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    The Short Prajnaparamita Texts were composed in India between 100 BC and AD 600. They contain some of the most well known Buddhist texts such as The Perfection of Wisdom in 700 Lines, The Heart Sutra, and The Diamond Sutra.

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Part 6 Zazenshin: Acupuncture Needle of Zazen, by Shohaku Okumura

[From a series of talks by Reverend Okumura in which he
focused on the famous koan story `Nangaku polishing a tile’.]

牧牛図 Oxherding Artist: Sekkyakushi (Japanese, active first half of the 15th centuryI will talk about Dogen’s comments on this story in the Shobogenzo: Zazenshin (Acupuncture Needle of Zazen):

Kozei Daijaku Zenji practised and studied with Nangaku Daie Zenji. Since he had intimately received mind-seal, he continuously practised zazen. Once Nangaku visited Daijaku and asked, “Virtuous one, what do you intend (zu) in doing zazen?”’

Dogen is making the point that Baso was practising zazen after receiving the mind-seal from Nangaku. In the Zuimonki, on the other hand, Dogen said that Nangaku was admonishing Baso’s expectation to become buddha. Nangaku didn’t restrict Baso from practising zazen because zazen is a buddha’s practice. Nangaku and Baso together are expressing the true meaning of zazen as Dogen conveyed in his verses in the Eihei-koroku. This story is not about a teacher admonishing his disciple. It is about two masters who have really penetrated the deep meaning of zazen and are together expressing that true meaning.

Young girl and an old woman -HillThis is why we need to forget everything I have said about the story! Dogen’s comments can be read in the same way that one can view the painting entitled ‘my wife and my mother-in-law’. This picture can be seen as a portrait of a young woman or as an old lady. When we see it one way, the painting is of a young woman, and when we look at it in another way, the painting is of an old lady. Nothing has actually changed; nothing has been is reduced or added; it is the same painting but it can been seen in two completely different ways.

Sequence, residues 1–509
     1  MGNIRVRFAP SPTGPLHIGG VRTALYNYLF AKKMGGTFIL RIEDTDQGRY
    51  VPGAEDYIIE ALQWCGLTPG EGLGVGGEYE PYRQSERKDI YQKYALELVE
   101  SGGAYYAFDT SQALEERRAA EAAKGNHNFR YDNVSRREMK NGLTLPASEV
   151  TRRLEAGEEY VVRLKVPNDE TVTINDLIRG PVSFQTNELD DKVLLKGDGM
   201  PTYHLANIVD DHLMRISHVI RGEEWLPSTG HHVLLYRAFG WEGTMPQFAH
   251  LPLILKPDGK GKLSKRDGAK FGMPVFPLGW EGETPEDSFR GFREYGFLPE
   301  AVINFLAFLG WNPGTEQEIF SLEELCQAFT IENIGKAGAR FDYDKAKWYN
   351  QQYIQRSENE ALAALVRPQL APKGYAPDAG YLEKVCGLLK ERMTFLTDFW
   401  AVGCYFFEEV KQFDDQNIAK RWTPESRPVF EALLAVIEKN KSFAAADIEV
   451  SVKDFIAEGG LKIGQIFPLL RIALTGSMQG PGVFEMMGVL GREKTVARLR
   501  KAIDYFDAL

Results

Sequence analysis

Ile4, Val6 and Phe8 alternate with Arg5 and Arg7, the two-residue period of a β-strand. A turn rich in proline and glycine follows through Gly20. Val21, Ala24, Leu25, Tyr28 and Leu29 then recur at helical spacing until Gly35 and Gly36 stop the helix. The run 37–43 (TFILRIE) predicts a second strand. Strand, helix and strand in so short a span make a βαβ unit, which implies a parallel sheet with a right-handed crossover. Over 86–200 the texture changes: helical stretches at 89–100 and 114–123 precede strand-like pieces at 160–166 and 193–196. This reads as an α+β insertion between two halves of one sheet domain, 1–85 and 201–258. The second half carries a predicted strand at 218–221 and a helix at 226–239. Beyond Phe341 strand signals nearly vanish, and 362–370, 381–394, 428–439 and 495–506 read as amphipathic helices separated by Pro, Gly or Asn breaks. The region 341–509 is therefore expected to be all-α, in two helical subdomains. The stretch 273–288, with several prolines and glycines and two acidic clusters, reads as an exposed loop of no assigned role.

When I read Dogen’s writings like this, I feel it is like seeing such a painting. The same writing can be viewed from completely different perspectives and may acquire completely different meanings.

I am sure this koan story, `Nangaku polishing a tile’, was invented by someone rather than it being something that actually happened. The point of studying Dogen’s commentary is to consider whether the intention of the author of this story is basically the same as Dogen’s interpretation of it. There is no real answer to this question, so we have to create our own way of viewing the story by studying the original as well as Dogen’s commentary. We need to create our own version of ‘polishing a tile’. Merely memorising and understanding the original story, or Dogen’s sayings about it, are not enough. That is not what Dogen wanted of us. We need to read it creatively for the sake of deepening our own practice and understanding the dharma. This is how we study koan in Dogen Zenji’s tradition.

Each time I read the Shobogenzo my interpretation or my understanding of it might be different, and actually it has been going through a process of change. My interpretation now is just the current version. This might be the old version by the time I talk about it next time! So, don’t cling to what I say; everything changes.

Once Nangaku visited Baso and asked, ‘Great Worthy, what do you aim at in practising zazen?’ Dogen’s commentary on this is:

‘We should quietly ponder and penetrate this question. Is there an aim, which might be superior to zazen? Is there a Way we should aim at beyond the framework of zazen that has not yet been accomplished? Should we not aim at anything at all? Just in the moment of sitting zazen, what kind of aim is being actualised? We should diligently inquire in detail. Do not get stuck in loving a carved dragon, we should go forward and love the real dragon. We should study that both the carved dragon and the real dragon have the power of forming clouds and rain. Neither value the remote nor disparage what is remote. Be accustomed and intimate with the remote. Neither disparage what is close nor value the close. Be accustomed and intimate with the close. Do not take the eyes lightly nor attach too much weight to the eyes. Do not put too much weight to the ear nor take the ear too lightly. Make both the ears and eyes sharp and clear.’